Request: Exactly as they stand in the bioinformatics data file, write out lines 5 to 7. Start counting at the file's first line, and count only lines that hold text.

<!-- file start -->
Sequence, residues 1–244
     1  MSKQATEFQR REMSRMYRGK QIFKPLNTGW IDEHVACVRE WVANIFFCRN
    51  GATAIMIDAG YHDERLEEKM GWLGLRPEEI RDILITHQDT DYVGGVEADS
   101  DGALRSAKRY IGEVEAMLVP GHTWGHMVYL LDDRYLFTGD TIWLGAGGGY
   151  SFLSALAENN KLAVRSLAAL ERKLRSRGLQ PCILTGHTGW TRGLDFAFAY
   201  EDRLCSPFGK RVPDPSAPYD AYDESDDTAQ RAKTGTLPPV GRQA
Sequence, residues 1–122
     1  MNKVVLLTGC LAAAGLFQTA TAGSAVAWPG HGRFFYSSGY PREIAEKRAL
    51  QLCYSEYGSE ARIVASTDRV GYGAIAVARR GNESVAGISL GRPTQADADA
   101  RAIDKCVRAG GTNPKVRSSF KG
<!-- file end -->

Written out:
   151  SFLSALAENN KLAVRSLAAL ERKLRSRGLQ PCILTGHTGW TRGLDFAFAY
   201  EDRLCSPFGK RVPDPSAPYD AYDESDDTAQ RAKTGTLPPV GRQA
Sequence, residues 1–122